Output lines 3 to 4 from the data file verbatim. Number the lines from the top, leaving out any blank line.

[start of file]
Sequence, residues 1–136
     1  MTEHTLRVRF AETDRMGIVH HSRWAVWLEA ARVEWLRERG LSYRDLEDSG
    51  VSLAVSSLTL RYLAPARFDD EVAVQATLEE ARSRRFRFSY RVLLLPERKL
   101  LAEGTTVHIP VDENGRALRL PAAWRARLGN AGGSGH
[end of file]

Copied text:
    51  VSLAVSSLTL RYLAPARFDD EVAVQATLEE ARSRRFRFSY RVLLLPERKL
   101  LAEGTTVHIP VDENGRALRL PAAWRARLGN AGGSGH